Brendan O’connell On How To Make The Most Of New Opportunities

Stories
Feb 21, 2014
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40th Anniversary Concert. Credit: Daniel Boud.

Brendan O’Connell is an early career producer and theatre maker who was a 2013 recipient of the Early Career Residency grant. He was previously the Program Executive for Come Out Festival in Adelaide, and the Artistic Director of Tantrum Theatre in Newcastle. He also collaborates as part of theatre collective Big One Little One, who have presented live art at Brisbane Festival, Melbourne Fringe and Adelaide Festival.

Brendan undertook his Early Career Residency at the Sydney Opera House, and has recently accepted a contract position there as an Associate Producer. He talked with the team from the Early Career Artists and Producers program about his residency and how he’ll make the most of his new opportunity.

Applications close for the next round of Early Career Residencies on Monday 24th February.

How did you start the conversation with SOH to ask them to be your residency host?

I had a working relationship with Opera House staff through my time at Come Out Children’s Festival, and so approached them with the idea of undertaking a producing residency – it was fairly straightforward, and they were very keen and open to start a dialogue.

What has been your favourite project to work on during your residency at SOH?

Tough call as I had a really great variety of projects during the residency! I’d have to say that the most challenging but rewarding was the 40th Anniversary Concert on the Forecourt, if only for the sheer scale and complexity of the event.

Your previous work as Program Executive for Come Out focused on arts programming for schools and children – how have you brought that experience to your work at SOH?

While my residency has been focused on producing, I’ve had opportunities to discuss programming ideas with the Children, Families & Education team, and utilise my existing relationships in the sector when dealing with companies we’re presenting. I’ve recently been appointed as the Associate Producer in that team, which is a very exciting opportunity for me, and I’m sure will provide more opportunities to draw on my past experience.

What skills, experience or knowledge do you anticipate transferring to your independent practice once you’ve completed your role?

Probably better budget management! I now have a greater awareness of the complexity of large-scale projects, which I hope to bring to bear on my future practice as a freelance producer, and I’ve also developed some key tools in my producing practice which are readily transferable to the world outside the Opera House.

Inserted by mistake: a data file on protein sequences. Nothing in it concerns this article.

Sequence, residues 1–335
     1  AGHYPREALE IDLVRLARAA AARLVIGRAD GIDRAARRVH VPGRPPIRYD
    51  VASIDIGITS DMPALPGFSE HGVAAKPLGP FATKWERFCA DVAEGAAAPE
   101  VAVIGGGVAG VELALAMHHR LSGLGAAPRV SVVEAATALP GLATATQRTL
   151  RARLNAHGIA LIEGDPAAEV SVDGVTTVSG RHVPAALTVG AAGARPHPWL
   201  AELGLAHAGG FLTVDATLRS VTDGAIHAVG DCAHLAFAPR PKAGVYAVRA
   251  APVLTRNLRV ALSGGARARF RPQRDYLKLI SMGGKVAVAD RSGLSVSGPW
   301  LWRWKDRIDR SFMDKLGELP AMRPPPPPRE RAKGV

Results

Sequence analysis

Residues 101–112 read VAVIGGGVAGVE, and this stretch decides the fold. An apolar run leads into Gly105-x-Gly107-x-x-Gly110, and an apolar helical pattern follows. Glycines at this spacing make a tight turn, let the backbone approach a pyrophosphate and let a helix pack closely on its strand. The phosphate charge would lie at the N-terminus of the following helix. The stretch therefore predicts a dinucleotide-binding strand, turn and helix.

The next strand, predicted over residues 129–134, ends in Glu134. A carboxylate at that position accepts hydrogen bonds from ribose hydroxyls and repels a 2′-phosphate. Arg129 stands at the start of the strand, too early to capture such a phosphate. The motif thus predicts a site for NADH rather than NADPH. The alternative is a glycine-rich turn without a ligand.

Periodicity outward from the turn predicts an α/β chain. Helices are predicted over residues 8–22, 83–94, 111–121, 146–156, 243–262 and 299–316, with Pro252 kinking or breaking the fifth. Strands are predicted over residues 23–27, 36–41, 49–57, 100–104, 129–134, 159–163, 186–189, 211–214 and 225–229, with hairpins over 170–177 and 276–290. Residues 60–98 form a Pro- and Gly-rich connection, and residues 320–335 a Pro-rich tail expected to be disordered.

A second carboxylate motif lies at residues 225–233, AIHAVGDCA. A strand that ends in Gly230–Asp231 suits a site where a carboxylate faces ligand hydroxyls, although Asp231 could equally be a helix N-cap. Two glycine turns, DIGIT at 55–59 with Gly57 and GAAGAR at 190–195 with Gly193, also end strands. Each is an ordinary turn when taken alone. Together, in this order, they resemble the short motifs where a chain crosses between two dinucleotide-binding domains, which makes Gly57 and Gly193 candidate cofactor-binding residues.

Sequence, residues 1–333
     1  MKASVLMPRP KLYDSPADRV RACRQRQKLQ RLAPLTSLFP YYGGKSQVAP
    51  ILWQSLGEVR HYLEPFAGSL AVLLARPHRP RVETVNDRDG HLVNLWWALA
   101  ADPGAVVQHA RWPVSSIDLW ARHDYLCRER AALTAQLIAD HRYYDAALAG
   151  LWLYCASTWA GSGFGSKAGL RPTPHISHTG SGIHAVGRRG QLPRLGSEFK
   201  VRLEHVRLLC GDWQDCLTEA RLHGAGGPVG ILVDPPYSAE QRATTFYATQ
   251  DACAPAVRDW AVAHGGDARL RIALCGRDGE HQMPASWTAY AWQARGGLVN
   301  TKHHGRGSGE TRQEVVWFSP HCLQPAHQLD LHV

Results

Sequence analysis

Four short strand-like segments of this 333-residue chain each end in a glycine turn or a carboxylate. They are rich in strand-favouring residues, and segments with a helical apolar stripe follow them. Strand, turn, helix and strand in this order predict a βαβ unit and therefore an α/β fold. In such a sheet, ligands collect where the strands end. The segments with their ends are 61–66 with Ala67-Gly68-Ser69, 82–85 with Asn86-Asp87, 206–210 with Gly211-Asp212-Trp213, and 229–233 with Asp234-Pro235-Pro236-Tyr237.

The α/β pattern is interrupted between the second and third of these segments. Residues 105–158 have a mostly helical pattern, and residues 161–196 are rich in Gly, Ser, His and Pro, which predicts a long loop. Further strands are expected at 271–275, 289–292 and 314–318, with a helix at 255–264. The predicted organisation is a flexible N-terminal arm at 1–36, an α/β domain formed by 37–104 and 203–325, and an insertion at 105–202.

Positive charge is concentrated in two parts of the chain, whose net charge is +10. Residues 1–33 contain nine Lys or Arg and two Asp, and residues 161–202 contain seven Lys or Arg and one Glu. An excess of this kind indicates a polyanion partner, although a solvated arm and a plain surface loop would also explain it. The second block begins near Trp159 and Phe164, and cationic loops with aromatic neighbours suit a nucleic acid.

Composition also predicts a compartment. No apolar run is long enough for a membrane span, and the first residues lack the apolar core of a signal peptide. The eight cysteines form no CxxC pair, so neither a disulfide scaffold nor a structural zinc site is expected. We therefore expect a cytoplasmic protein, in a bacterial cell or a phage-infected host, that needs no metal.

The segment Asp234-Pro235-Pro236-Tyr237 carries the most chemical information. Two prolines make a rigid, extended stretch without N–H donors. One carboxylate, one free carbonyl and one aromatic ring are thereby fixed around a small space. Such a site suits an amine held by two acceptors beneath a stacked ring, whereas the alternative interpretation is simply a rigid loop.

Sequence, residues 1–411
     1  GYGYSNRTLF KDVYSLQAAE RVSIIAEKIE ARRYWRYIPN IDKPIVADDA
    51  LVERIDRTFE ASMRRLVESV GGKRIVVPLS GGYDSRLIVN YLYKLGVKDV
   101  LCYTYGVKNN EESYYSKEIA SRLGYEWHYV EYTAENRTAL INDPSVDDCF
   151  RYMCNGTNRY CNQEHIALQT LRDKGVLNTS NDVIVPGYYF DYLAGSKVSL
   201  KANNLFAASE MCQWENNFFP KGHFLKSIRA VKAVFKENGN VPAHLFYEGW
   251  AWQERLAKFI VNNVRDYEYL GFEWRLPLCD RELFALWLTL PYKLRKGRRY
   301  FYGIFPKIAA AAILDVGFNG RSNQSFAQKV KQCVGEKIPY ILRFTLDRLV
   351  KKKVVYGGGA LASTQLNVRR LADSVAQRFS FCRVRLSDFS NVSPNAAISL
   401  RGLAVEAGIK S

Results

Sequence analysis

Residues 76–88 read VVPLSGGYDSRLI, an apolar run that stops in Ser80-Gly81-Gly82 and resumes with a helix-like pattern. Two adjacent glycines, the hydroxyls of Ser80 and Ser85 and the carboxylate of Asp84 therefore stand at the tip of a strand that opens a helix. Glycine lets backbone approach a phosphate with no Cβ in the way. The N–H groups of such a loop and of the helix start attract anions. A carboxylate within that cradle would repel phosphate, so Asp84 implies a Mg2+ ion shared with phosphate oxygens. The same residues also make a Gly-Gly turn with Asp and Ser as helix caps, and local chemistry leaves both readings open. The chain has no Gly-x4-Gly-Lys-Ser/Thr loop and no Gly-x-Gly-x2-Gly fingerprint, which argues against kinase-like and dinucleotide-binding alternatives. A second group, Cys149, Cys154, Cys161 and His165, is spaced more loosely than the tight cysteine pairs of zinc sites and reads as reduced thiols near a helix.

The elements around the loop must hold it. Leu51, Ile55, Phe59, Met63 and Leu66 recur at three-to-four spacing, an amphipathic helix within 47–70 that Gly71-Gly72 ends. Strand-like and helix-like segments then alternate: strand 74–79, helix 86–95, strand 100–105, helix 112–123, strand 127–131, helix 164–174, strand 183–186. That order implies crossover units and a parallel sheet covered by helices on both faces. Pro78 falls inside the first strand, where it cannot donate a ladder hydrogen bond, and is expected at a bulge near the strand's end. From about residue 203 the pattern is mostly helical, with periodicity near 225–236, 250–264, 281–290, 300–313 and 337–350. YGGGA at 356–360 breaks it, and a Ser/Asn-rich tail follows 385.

How did your residency evolve over the 12 month grant period, and how has this lead to your extended role there? Did SOH create the role in order to keep you?

The residency was originally for five months and I had a discreet set of projects to work across; as time passed, I picked up some other projects and helped other producers with a few projects, which led to SOH extending my contract twice beyond the end of the residency. As my time was finishing up, two new Associate Producer roles were advertised, one of which I applied for and got. I wish I could say they created the role for me, but it was definitely something they already had on the cards – I guess it was a lucky case of right place, right time!

What are you most excited to be working on in the next 12 months?

In the Indigenous program, we’ve just launched Homeground – a free weekend of First Nations music, dance and culture that will take place on the Western Broadwalk on the first weekend of April. We’ve assembled a terrific program of artists that will offer a really diverse and enriching two days for the whole family.

In the Children, Families & Education program, I’m really looking forward to working on the Australian premiere season of Theatre Lovett’s The Girl Who Forgot to Sing Badly, a fantastic little show I saw in New York a year back which we’re also live streaming to schools across Australia as part of our Digital Program.